A new study reveals that 11.9% of students suffer from a problematic use of videogames, which affects several areas of their school life.
A team of researchers from the departments of Medicine and Education Sciences of the CEU Cardenal Herrera University in Castellón (Spain) has analysed the relation between the addiction to videogames and school inadaptation in a group of teenagers in the province. The study has been carried out under the guidance of Medicine professor Gonzalo Haro, principle researcher of the TXP and psychiatry group of the Mental Health department of the Provincial Hospital Consortium of Castellón, and Psychology doctor, co-director of the project and Education Sciences professor Mabel Marí. The results have been presented at the III International Congress of Dual Disorders, which has brought international experts on the relation between addiction and mental disorders together in Madrid.
As the CEU UCH professors explain, it is believed that between 9 and 23% of Spanish teenagers use videogames every day. A use that becomes problematic when it generates psychological dependence, in other words, when it leads to problem evasion behaviours, mood swings, loss of self-control or attention disorders. Studies have already been conducted on the link between this addiction to videogames and anxiety, depression and low self-esteem, as well as with bad academic results.
“Focusing on this last school aspect – highlights professor Gonzalo Haro – we have carried out, with the department of Education Sciences of the CEU UCH, a study on a total 64 teenagers aged 14 to 17 from a high school of Castellón. The objective was to assess the psychopathological and adaptational dimensions of their behaviour in relation to their degree of videogame usage, using several internationally-validated tests.”
Negative attitude towards school and teachers
As many as 11.9% of the Castellón students who took part in this study showed a problematic use of videogames. And this same group had the most negative attitude towards school and teachers. Also, a higher degree of school inadaptation compared to the remaining 88.1%, who did not have issues with the use of videogames. “In our sample, these situations of negative attitudes and bad school adaptation have been more relevant than depression, anxiety or low self-esteem, registered in other studies on teenagers addicted to videogames,” says professor Mabel Marí.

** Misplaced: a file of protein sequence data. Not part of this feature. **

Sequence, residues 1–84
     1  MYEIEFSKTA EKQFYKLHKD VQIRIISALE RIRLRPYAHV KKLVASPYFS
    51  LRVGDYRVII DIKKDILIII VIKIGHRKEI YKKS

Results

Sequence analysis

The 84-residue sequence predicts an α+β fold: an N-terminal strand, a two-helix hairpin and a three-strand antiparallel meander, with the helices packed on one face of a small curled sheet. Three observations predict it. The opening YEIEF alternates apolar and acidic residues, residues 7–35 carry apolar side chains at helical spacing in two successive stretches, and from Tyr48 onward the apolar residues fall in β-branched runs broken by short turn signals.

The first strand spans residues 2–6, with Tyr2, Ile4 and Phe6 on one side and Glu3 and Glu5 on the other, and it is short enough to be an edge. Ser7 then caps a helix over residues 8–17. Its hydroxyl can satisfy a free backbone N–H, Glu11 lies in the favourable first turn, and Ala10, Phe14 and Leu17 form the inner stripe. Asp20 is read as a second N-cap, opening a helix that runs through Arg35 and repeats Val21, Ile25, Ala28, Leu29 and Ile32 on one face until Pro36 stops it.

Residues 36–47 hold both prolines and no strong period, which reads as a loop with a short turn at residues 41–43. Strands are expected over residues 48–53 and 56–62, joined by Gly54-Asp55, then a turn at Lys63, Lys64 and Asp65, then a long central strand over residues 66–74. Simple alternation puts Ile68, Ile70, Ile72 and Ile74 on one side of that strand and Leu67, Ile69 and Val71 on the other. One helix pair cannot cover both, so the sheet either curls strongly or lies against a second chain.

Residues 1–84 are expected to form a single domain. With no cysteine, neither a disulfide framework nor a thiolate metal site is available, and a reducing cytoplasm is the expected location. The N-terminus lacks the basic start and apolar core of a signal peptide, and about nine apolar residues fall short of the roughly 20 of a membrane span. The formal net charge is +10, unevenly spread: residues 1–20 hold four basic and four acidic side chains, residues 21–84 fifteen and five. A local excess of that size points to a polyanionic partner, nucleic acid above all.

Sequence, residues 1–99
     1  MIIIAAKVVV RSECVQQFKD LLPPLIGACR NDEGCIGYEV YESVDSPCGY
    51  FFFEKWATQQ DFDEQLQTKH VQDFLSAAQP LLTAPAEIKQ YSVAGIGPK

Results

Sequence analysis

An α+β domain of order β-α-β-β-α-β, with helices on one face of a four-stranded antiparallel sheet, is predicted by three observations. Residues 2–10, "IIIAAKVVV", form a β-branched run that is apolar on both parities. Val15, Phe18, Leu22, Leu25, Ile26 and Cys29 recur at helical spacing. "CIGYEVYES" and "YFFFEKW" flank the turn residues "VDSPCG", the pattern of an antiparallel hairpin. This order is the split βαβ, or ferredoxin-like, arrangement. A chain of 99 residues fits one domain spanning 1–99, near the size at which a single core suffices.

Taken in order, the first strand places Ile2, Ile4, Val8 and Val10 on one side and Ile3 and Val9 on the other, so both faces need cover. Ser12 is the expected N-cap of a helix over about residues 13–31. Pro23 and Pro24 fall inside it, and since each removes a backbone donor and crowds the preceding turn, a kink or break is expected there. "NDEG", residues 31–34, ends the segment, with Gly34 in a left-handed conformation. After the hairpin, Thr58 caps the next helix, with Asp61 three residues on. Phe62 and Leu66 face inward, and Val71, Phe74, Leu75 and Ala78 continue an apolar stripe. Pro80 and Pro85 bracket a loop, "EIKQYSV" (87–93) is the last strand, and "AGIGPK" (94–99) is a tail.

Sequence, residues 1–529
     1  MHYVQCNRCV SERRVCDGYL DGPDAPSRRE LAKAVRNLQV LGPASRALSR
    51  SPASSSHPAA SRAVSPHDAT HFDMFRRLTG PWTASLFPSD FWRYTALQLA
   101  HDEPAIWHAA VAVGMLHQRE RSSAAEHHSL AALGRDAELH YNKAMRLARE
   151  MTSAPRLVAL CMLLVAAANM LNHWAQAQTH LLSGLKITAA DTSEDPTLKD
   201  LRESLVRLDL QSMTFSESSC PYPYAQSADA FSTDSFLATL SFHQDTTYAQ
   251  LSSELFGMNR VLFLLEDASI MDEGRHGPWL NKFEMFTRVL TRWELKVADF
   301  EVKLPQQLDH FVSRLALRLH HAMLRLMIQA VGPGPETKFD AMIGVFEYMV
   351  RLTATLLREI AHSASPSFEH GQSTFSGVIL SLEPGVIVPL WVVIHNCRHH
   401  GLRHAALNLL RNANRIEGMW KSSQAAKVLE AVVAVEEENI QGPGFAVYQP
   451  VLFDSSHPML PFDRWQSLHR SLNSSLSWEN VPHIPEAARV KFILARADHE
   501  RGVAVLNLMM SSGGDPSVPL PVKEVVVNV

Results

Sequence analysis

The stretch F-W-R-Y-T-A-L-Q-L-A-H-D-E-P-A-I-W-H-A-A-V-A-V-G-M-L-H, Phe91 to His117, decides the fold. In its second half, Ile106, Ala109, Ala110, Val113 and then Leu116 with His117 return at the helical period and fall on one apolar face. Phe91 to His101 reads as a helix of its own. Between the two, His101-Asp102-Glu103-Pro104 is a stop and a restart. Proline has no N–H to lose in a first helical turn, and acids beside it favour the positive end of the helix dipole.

As Marí adds, “the results we obtained show the need to have a better understanding of the psychological variables related to the problematic use of videogames, as a possible source of dual disorders or mental disorders derived from the addiction. This will undoubtedly be the best way to be able to develop programs for the prevention of videogame abuse and its associated problems.”
The research team that just revealed these results at the International Congress of Dual Disorders, was comprised of the students of the Education degree, Elisa Fernández, Alicia Guinot, Fabiola López Romero, Elena Machi and María Esteve; doctor Ana Benito, clinical psychiatrist at the Mental Health unit of Torrent; and researcher for the TXP group Francisca Castellano, all under the guidance of CEU UCH professors Gonzalo Haro and Mabel Marí. The study has been co-funded by the CEU UCH and the Research Foundation of the Provincial Hospital of Castellón.